• Hoffner, G.; Island, M.; Djian, P. Purification of neuronal inclusions of patients with Huntington’s disease reveals a broad range of N-terminal fragments of expanded huntingtin and insoluble polymers. J. Neurochem. 2005, 95, 125–136.Google Scholar

  • Huang, T. H.; Yang, D. S.; Plaskos, N. P.; Go, S.; Yip, C. M.; Fraser, P. E.; Chakrabartty, A. Structural studies of soluble oligomers of the Alzheimer beta-amyloid peptide. J. Mol. Biol. 2000, 297, 73–87.Google Scholar

  • Jackson, M.; Mantsch, H. H. The use and misuse of FTIR spectroscopy in the determination of protein structure. Crit. Rev. Biochem. Mol. Biol. 1995, 30, 95–120.Google Scholar

  • Kang, J.; Lemaire, H. G.; Unterbeck, A.; Salbaum, J. M.; Masters, C. L.; Grzeschik, K. H.; Multhaup, G.; Beyreuther, K.; Müller-Hill, B. The precursor of Alzheimer’s disease amyloid A4 protein resembles a cell-surface receptor. Nature 1987, 325, 733–736.Google Scholar

  • Kneipp, J.; Miller, L. M.; Joncic, M.; Kittel, M.; Lasch, P.; Beekes, M.; Naumann, D. In situ identification of protein structural changes in prion-infected tissue. Biochim. Biophys. Acta 2003, 1639, 152–158.Google Scholar

  • Kohler, A.; Sulé-Suso, J.; Sockalingum, G. D.; Tobin, M.; Bahrami, F.; Yang, Y.; Pijanka, J.; Dumas, P.; Cotte, M.; van Pittius, D. G.; Parkes, G.; Martens, H. Estimating and correcting mie scattering in synchrotron-based microscopic Fourier transform infrared spectra by extended multiplicative signal correction. Appl. Spectrosc. 2008, 62, 259–266.Google Scholar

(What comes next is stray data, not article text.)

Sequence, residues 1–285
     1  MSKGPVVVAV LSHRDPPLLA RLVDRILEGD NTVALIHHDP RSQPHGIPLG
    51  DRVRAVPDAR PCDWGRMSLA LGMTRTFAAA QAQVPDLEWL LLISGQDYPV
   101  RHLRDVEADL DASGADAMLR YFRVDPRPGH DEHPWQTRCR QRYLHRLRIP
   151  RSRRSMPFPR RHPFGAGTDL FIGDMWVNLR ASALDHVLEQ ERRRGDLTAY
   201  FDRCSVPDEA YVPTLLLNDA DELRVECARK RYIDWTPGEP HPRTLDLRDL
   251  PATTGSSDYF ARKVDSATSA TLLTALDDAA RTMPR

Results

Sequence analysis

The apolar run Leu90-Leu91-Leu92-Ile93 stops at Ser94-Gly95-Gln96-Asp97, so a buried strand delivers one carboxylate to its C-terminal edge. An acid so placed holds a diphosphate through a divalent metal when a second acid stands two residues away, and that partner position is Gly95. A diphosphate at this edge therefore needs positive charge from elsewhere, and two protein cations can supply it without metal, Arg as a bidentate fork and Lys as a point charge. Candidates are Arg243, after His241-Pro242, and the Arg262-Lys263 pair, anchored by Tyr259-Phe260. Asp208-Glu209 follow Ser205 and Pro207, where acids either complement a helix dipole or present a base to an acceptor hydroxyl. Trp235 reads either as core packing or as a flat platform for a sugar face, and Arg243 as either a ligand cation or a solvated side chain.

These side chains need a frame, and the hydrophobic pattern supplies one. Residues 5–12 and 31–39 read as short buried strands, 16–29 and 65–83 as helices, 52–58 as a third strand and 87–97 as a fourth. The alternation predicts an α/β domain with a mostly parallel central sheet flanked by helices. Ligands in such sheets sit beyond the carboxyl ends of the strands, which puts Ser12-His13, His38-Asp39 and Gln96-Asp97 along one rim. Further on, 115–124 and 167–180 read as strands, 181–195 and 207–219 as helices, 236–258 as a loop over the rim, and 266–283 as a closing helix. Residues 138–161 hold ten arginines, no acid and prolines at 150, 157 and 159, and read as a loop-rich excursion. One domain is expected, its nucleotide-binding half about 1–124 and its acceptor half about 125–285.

• Kosik, K. S.; Joachim, C. L.; Selkoe, D. J. Microtubule-associated protein tau (tau) is a major antigenic component of paired helical filaments in Alzheimer disease. Proc. Natl. Acad. Sci. USA 1986, 83, 4044–4048.Google Scholar

  • Kowalewski, T.; Holtzman, D. M. In situ atomic force microscopy study of Alzheimer’s beta-amyloid peptide on different substrates: new insights into mechanism of beta-sheet formation. Proc. Natl. Acad. Sci. USA 1999, 96, 3688–3693.Google Scholar

  • Kretlow, A.; Wang, Q.; Kneipp, J.; Lasch, P.; Beekes, M.; Miller, L.; Naumann, D. FTIR-microspectroscopy of prion-infected nervous tissue. Biochim. Biophys. Acta 2006, 1758, 948–959.Google Scholar

  • Kretlow, A.; Wang, Q.; Beekes, M.; Naumann, D.; Miller, L. M. Changes in protein structure and distribution observed at pre-clinical stages of scrapie pathogenesis. Biochim. Biophys. Acta 2008, 1782, 559–565.Google Scholar